AFM Mattress Company, LLC v. Motorists Commercial Mutual Insurance Co.
AFM ran 52 mattress stores in Indiana and Illinois. Motorists insured AFM with a policy covering loss of Business Income, Extra Expense, and loss due to actions of a Civil Authority. An exclusion applicable to all coverage stated: We will not pay for loss or damage caused by or resulting from any virus, bacterium or other microorganism that induces or is capable of inducing physical distress, illness or disease. During the COVID-19 pandemic, the governors of Illinois and Indiana ordered the closure of businesses. AFM was forced to cease business activities at all of its stores. AFM submitted a claim for coverage. Motorists denied it.AFM sought a declaratory judgment in Illinois state court. The judge dismissed the case with prejudice, based on the Virus Exclusion, rejecting a claim of “regulatory estoppel.” AFM claimed that Motorists misrepresented the Virus Exclusion to the Illinois Department of Insurance so that the regulators would approve it. The Seventh Circuit affirmed. Illinois does not recognize regulatory estoppel. The Virus Exclusion unambiguously precludes “civil authority” coverage. View "AFM Mattress Company, LLC v. Motorists Commercial Mutual Insurance Co." on Justia Law
Business Development Corporation of South Carolina v. Rutter & Russin, LLC
BDC lent $800,000 to a company owned by the Suggs, who personally guaranteed the loan and secured it with a $200,000 mortgage on their Shaker Heights home. Bank of America and MidFirst Bank held more senior mortgages on the home. The Suggs’ home suffered serious water damage from a burst pipe in 2014. State Farm insured the home for up to $352,130. State Farm denied their claim on the ground that the Suggs had failed to heat their home at a temperature required by their policy.The Suggs sued State Farm in an Ohio state court and sued all three lenders with mortgages on their home, explaining that these lenders “have an interest in the policy proceeds” because the policy entitled them to payment even if State Farm had a valid defense against the Suggs. BDC did not appear. After the case settled, the state court found that BDC had no right to the proceeds. BDC did not seek relief in the state court but filed a federal suit alleging that State Farm, its lawyers, and the Suggs’ lawyers colluded to defraud it. The district court dismissed the suit under Ohio’s claim-preclusion law. The SIxth Circuit affirmed. BDC cannot meet the demanding test required to attack the state court’s judgment in this collateral fashion. View "Business Development Corporation of South Carolina v. Rutter & Russin, LLC" on Justia Law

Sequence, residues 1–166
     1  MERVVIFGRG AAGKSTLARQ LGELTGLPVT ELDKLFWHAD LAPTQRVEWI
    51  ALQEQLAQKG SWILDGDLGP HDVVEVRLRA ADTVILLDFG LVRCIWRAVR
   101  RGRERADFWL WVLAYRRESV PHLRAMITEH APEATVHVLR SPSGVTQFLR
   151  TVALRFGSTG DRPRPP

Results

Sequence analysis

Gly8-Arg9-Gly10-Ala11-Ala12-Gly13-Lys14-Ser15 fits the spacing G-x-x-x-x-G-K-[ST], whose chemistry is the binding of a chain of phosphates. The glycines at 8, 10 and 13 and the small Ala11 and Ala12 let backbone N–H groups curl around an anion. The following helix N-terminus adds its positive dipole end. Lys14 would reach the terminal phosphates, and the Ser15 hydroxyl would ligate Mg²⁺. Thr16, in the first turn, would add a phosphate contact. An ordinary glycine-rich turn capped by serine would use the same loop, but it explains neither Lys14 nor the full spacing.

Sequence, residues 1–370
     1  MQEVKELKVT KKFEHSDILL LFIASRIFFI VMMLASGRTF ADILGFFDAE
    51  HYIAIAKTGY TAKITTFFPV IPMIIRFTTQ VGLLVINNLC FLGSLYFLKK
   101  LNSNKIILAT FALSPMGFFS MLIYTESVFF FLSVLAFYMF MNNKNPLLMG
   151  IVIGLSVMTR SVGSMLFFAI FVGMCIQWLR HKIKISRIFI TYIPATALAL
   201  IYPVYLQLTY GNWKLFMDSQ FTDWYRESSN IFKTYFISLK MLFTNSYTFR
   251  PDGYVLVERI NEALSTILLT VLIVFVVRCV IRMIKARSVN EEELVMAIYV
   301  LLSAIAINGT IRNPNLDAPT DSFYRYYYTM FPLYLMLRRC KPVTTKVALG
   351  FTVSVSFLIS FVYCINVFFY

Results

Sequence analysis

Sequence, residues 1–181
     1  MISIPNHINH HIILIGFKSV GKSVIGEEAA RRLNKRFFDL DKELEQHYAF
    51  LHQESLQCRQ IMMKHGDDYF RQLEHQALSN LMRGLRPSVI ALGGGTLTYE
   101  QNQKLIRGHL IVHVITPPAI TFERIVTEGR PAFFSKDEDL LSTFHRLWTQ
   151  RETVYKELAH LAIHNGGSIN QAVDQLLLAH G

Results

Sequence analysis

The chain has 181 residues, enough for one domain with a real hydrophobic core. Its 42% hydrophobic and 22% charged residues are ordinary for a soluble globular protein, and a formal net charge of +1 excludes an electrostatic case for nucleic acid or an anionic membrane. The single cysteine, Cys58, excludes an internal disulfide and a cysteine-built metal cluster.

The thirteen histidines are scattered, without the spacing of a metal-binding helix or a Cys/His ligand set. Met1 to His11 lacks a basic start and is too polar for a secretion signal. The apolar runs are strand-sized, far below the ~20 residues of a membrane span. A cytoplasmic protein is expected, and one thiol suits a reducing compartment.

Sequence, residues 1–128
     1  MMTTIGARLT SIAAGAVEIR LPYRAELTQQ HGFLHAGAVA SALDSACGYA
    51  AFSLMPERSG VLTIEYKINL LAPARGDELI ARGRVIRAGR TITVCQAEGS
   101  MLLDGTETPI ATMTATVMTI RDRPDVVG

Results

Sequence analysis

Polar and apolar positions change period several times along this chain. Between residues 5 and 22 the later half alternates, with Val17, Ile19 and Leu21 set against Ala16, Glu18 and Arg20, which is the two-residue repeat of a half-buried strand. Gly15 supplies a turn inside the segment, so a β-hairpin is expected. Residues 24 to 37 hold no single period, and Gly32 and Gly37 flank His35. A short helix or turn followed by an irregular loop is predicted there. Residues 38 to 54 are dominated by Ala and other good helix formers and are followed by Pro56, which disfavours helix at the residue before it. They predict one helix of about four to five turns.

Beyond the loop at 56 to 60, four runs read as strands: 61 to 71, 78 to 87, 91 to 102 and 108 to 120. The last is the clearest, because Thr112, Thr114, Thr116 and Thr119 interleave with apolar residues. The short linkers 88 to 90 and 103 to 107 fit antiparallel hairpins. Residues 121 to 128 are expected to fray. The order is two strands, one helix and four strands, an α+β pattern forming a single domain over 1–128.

Parks v. Illinois Casualty Co.
The Supreme Court affirmed the judgment of the trial court granting summary judgment for Illinois Casualty Company in this declaratory judgment action, holding that a liquor liability exclusion in the relevant policy absolved Illinois Casualty of a duty to defend or indemnify its insured under its general business owners' policy.Illinois Casualty insured Big Daddy's Show Club. Third-parties filed a lawsuit against Big Daddy's and related entities (collectively, Parks defendants) claiming that Big Daddy's violated Indiana's Dram Shop Act, Ind. Code 7.1-5-10-15.5. Illinois Casualty field a separate declaratory judgment action seeking a declaration that it did not owe a duty to defend or indemnify the Parks defendants in the underlying lawsuit. The trial court granted summary judgment for Illinois Casualty. The Supreme Court affirmed, holding that Illinois Casualty did not owe a duty to defend or indemnify the Parks defendants under the relevant policies. View "Parks v. Illinois Casualty Co." on Justia Law